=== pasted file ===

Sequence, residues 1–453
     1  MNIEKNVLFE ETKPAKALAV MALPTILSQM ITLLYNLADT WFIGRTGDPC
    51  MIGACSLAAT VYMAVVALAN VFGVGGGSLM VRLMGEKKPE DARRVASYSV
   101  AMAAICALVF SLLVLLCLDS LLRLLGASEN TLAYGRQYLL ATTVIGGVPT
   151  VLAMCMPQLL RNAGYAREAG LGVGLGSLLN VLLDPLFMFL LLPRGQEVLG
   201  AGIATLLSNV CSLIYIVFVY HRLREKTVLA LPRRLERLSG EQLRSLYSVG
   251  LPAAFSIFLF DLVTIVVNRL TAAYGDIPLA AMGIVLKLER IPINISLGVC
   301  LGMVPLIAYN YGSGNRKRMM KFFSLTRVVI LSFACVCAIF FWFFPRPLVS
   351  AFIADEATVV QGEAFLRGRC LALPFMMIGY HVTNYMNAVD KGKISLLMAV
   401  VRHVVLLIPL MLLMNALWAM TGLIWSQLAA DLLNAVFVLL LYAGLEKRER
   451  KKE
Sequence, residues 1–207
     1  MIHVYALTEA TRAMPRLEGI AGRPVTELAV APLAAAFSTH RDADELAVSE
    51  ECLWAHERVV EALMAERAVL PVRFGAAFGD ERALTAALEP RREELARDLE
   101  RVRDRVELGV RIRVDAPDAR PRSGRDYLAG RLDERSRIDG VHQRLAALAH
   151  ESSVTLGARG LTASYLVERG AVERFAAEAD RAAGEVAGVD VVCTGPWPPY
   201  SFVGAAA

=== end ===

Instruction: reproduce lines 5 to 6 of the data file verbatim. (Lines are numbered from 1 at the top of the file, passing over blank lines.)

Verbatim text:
   151  VLAMCMPQLL RNAGYAREAG LGVGLGSLLN VLLDPLFMFL LLPRGQEVLG
   201  AGIATLLSNV CSLIYIVFVY HRLREKTVLA LPRRLERLSG EQLRSLYSVG